Inadvertent hypothermia, which is defined as temperature below 36°C, is common in the perioperative setting. Patients under general or regional anaesthesia have impaired temperature regulation/homeostasis. Temperature monitoring should be an established standard for all procedures that last more than 30 minutes. Unfortunately, study shows that it is not a common practice in European hospitals. Passive and active patient warming should be used to prevent and treat hypothermia. Warming should start in the preoperative period and last throughout all perioperative phases. In that way, well-known complication of hypothermia should be prevented. Cardiac event, coagulopathy and wound infection are the leading causes of delayed discharge and more adverse outcomes related to hypothermia. It is especially important to undertake all necessary intervention procedures to prevent hypothermia in a group of patients with known high number of risk factors for hypothermia. Ambient temperature, an important risk factor, should be monitored and maintained at about 21°C. According to reviewed evidence, the protocol to prevent, monitor and treat hypothermia should be established. Further studies about the implementation of temperature monitoring and regulation are needed in order to raise awareness about this issue.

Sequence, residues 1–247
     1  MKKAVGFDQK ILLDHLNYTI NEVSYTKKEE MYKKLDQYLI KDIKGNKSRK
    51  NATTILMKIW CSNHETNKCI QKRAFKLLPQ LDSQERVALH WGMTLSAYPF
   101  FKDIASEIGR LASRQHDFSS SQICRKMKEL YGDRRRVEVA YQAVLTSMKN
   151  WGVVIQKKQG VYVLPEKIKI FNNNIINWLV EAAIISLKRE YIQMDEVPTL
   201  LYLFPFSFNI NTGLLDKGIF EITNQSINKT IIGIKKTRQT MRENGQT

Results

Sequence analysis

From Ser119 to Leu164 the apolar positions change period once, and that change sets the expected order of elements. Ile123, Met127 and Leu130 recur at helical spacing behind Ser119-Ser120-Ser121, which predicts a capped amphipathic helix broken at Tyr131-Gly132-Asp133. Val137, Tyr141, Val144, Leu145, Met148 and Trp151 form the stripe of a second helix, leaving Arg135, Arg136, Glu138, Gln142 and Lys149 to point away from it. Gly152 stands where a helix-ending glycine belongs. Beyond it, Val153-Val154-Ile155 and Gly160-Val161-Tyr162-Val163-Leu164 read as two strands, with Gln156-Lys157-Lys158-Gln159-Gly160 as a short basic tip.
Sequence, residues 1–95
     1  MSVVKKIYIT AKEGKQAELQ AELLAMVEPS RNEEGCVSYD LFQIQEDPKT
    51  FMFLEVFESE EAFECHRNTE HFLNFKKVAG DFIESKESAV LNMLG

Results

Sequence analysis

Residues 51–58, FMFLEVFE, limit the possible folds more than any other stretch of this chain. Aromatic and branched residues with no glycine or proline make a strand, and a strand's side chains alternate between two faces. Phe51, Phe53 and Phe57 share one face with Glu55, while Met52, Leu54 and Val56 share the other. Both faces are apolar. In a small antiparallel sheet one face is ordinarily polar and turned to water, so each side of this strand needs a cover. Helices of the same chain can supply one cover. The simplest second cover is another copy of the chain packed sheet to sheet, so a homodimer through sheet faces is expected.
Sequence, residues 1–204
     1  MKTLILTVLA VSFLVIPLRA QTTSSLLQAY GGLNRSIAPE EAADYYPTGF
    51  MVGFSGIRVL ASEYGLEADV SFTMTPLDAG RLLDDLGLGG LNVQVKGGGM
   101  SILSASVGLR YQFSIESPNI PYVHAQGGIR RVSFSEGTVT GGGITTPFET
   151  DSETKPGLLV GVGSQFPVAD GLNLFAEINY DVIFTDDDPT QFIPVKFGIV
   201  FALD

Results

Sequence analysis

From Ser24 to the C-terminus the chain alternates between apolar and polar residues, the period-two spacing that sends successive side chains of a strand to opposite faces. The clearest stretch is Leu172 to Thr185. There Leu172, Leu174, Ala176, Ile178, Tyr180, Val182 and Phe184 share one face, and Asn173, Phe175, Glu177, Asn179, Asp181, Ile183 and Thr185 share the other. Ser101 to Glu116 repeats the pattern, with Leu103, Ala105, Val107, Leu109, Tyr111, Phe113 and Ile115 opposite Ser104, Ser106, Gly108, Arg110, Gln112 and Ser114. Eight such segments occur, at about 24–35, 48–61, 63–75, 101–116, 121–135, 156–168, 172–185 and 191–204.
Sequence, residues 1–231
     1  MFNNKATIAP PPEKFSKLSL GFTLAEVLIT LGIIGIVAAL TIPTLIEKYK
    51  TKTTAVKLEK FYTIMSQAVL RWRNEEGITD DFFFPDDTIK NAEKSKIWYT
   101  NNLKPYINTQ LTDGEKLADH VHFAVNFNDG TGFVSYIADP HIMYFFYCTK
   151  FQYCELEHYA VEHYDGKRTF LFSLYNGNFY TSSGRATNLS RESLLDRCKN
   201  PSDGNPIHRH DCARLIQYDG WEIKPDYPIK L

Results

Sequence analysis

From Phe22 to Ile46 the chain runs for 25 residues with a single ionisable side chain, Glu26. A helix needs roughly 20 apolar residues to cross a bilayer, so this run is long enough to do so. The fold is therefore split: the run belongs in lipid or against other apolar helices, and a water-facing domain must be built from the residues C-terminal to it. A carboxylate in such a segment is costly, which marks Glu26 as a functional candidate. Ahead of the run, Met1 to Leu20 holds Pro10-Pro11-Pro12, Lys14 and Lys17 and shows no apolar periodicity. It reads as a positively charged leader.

Key words: hypothermia, core temperature, anaesthesia, warming devices, prevention, treatment